3. I don't think that the powers that be need worry that much as the entire run of performances has at various times been described as sold out on the web site. The bulk returns are for seats in the orchestra stalls and they look as if they are block bookings. I am not sure that I would automatically assume that in the case of what is now the Takada, Bracewell cast that the tickets are being returned by the disappointed members of the Steven MacRae fan club, although of course I could be wrong. Whether or not this rum of Swan Lake performances is a success will have far more to do with the textual choices made by Liam Scarlett than anything else. I for one am looking forward to seeing all the casts I have booked to see perform.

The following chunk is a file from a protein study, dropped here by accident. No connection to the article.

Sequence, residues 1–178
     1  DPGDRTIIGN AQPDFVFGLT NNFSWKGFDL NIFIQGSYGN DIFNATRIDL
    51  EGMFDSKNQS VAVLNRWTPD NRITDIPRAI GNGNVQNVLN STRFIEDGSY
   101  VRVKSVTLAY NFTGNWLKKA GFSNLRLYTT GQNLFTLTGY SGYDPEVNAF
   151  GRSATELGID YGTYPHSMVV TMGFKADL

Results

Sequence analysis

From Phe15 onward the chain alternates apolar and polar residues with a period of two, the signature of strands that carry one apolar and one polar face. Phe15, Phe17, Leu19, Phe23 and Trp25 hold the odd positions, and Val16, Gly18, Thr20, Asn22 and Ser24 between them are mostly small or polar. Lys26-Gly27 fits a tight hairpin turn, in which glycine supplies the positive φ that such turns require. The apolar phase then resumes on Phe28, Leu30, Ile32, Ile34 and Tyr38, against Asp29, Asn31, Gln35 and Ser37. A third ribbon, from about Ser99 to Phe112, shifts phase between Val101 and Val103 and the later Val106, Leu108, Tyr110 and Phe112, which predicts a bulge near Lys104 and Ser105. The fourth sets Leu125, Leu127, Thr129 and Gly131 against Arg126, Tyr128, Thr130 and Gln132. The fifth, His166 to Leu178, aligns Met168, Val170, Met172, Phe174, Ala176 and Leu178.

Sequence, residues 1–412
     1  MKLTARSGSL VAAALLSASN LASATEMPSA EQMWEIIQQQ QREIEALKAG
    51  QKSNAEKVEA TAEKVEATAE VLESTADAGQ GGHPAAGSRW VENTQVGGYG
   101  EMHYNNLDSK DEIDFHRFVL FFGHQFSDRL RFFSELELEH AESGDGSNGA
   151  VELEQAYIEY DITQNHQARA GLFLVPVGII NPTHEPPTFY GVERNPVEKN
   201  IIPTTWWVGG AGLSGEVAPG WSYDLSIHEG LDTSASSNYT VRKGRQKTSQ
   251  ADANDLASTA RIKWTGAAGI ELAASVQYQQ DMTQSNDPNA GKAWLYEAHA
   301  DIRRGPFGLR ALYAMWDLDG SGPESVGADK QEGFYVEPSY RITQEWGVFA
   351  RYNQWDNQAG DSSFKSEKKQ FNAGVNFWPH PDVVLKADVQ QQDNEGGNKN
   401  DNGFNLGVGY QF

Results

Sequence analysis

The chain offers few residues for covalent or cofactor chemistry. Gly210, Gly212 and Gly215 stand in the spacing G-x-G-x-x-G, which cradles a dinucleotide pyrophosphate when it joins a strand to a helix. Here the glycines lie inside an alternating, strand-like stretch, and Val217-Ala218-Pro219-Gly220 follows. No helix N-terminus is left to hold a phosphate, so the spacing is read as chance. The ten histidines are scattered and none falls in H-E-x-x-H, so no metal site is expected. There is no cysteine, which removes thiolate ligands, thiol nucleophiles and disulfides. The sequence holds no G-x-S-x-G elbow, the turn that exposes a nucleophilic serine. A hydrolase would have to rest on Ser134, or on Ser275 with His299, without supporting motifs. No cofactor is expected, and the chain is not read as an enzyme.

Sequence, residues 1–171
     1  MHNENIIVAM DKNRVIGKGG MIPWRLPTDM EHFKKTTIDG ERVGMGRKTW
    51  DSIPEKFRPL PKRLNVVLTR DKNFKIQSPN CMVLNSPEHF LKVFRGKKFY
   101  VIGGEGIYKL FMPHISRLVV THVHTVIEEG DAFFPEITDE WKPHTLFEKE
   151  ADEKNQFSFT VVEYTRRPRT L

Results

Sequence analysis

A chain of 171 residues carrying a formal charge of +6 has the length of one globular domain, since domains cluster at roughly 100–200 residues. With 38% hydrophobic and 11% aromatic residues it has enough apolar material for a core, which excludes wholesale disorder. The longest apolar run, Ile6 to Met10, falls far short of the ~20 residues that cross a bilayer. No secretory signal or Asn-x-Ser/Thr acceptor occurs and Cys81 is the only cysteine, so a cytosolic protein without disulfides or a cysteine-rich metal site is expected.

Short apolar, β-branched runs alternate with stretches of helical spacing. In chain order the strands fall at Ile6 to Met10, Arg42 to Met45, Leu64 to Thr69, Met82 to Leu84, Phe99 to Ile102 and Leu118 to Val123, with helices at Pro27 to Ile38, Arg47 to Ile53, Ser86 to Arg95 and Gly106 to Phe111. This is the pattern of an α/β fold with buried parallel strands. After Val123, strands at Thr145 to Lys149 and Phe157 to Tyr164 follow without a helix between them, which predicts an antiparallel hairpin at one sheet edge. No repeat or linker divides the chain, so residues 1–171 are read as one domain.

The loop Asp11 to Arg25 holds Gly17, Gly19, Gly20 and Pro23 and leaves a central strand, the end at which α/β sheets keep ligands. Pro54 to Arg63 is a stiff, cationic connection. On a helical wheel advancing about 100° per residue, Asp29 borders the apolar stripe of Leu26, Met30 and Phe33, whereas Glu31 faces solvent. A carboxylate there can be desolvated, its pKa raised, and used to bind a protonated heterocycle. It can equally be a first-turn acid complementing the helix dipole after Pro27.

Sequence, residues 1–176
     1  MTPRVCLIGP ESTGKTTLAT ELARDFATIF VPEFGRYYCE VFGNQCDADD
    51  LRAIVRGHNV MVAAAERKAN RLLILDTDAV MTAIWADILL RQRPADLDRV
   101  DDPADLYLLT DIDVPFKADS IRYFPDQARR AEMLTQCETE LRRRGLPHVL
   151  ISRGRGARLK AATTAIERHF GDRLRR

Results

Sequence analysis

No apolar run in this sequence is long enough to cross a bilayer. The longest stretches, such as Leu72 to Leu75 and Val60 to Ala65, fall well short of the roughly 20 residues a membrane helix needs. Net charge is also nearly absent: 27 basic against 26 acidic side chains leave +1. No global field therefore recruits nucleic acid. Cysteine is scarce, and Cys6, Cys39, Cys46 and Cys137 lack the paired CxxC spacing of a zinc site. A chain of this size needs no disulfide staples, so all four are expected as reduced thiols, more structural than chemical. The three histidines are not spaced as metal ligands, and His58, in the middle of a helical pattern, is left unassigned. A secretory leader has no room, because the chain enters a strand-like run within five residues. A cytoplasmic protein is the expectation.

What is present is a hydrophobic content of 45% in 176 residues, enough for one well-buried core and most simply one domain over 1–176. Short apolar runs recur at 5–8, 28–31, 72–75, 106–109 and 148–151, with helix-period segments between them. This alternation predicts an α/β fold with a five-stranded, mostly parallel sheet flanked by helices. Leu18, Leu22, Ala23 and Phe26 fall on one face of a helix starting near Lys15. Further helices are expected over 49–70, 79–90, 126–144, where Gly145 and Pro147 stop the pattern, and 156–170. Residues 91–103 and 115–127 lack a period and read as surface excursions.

4. A timely reminder about who actually owns the bank. I doubt that its shareholders would be that happy about the news but I suspect that this announcement about it providing financial support for ENB will have little or no impact as it is unlikely to be front page news and is almost certainly going to be buried on the arts pages or have a paragraph or so in the business section. Although I am not sure that the same will be true of the government's rumoured plans to return the bank to private ownership as soon as possible. If what we have been hearing proves to be correct then it would seem that the bank's beleaguered shareholders, the taxpayers who bailed the bank out in the first place, are unlikely to get their money back let alone get a decent return on their "investment". But as you may have noticed Swiss BalletFan Her Majesty's Government has some very strange ideas about public property and even odder ones about other areas of policy.